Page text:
Moving from Traditional PracticeThe truth is, learning professionals have traditionally focused on influencing students with the general notion that when they trained employees it was good for the business. So, the only metrics we focused on were the number of courses we developed. Or, the number of students who participated in our courses. This line of thinking created a big void in understanding the value of learning in business success.
I would like to think our profession has evolved past our traditional practice. However, when I hear learning professionals talking about metrics, I am not so sure.
Bottom line, our job is not to only list organizational metrics as something we influence. Our job is to do two things. One is to identify the organizational metrics we are most responsible for impacting. Another is to show how learning progresses from the student to the job in order to change those metrics.
Metrics in PracticeIn other words, there are metrics in every organization (identified as key performance metrics) that are measurements of PERFORMANCE. They measure the rate or quality of a skill. Using these metrics, we track the performance of a role within an organization. For example, the sales role may be monitored by the number of closed sales or the average profit from a sale. Other examples include the role of an engineer monitored by metrics showing the number of failures from their design. Or, the role of a marketer monitored by metrics showing the number of leads generated from an ad campaign.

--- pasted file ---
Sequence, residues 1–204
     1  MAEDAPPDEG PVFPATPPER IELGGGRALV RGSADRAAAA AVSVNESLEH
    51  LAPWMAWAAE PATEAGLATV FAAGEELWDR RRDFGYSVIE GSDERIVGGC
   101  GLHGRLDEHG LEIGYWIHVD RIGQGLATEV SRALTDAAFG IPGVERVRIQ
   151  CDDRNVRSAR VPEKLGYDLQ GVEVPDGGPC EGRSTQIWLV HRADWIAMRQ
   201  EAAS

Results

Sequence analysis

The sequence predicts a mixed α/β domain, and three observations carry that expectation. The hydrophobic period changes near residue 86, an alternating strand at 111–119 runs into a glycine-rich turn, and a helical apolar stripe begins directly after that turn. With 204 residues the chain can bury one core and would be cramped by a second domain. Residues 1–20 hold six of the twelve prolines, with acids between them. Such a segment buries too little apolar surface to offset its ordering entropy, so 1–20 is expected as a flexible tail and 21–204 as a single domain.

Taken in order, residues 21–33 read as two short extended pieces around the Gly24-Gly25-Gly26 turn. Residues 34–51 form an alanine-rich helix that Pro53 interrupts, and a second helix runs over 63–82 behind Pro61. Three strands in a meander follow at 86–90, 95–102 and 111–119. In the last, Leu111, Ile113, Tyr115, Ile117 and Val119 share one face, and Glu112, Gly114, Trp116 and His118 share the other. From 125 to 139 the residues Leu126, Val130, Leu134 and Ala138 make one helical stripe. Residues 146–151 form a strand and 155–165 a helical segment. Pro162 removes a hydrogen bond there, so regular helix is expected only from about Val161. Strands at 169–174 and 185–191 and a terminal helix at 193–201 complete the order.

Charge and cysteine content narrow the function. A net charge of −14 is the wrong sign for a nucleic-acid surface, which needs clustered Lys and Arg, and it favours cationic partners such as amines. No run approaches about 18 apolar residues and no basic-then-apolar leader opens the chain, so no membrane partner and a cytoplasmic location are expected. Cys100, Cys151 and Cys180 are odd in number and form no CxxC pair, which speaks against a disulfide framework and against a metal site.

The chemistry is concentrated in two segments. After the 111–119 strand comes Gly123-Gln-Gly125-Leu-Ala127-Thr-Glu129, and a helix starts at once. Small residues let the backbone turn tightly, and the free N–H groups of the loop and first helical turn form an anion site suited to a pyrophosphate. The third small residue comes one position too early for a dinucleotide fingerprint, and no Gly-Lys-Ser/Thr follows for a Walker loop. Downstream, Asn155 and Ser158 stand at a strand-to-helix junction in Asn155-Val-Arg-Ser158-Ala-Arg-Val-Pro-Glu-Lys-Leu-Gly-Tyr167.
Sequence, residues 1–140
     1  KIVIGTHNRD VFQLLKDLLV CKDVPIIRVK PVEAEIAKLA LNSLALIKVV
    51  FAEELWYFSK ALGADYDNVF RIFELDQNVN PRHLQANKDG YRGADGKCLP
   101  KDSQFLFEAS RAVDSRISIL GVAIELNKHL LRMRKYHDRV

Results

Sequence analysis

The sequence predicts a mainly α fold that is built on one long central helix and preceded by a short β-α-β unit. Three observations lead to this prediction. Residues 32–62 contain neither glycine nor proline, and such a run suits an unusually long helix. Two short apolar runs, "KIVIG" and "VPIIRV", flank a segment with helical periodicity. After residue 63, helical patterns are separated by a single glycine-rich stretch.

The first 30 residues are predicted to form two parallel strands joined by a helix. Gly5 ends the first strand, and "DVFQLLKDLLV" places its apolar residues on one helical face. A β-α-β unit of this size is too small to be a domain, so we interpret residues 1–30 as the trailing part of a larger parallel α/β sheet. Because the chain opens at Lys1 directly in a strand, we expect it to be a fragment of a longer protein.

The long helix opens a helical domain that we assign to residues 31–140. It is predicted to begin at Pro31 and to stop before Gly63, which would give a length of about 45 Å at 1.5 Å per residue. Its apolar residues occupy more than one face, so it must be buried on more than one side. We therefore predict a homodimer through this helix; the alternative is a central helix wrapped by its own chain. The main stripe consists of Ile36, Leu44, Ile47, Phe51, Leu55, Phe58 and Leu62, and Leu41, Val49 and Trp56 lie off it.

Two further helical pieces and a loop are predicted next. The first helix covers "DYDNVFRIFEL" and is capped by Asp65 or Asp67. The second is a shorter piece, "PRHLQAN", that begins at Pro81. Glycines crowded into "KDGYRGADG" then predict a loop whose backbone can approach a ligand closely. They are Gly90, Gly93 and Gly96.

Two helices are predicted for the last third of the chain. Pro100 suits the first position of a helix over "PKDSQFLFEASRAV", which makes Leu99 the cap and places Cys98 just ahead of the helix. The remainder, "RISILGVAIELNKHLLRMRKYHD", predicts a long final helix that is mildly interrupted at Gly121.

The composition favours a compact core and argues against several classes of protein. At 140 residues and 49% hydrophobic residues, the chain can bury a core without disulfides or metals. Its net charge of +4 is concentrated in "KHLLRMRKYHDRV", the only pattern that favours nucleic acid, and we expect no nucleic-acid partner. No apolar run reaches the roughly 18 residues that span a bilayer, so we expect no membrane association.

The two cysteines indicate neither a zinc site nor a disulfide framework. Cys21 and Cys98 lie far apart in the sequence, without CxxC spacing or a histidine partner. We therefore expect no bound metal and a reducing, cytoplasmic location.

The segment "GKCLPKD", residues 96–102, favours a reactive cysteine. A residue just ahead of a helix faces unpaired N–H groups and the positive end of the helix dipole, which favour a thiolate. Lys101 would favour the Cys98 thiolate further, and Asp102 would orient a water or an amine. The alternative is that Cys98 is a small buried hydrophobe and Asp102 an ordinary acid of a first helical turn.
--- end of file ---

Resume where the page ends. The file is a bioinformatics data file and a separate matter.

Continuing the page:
The goal of employees taking a course is to learn or improve a skill used on the job. To manage their function, leaders in every department track metrics that reflect the results from key performances on the job. These key performance metrics should be the organizational target for learning courses. So, when designing courses, learning professionals should target both skills and the metrics measuring the performance of the skills.
Basic ProcessWhen you stop to think about it, the formula to learning metrics is simple. Learning programs provide employees with skills to do their job. There are productivity and quality metrics for almost every role in an organization. We use these business unit metrics to determine the efficiency and effectiveness of a department. Our job as a learning professional is to first connect the subject that we are teaching to a skill on the job. Second, we need to show if the employee gained the skill and if the skill was being applied on the job. By doing these steps, we can verify if the key performance metric changed in response to learning.
Tying the influence of learning programs to strategic metrics (metrics reflecting company-wide results) completely ignores our real benefit to business success. But, identifying our impact to key performance metrics shows a direct gain from learning. Employees perform better, departments perform better, and the business performs better.
So, if you are a learning professional, I challenge you. Identify the business unit metric that measures the result of the skill you are teaching. Design your program to improve the skill so you can impact the metric. If you measure the achievement of the skill you can verify the effectiveness of your course. Measuring the application of the skill allows you to verify true learning impact on business success.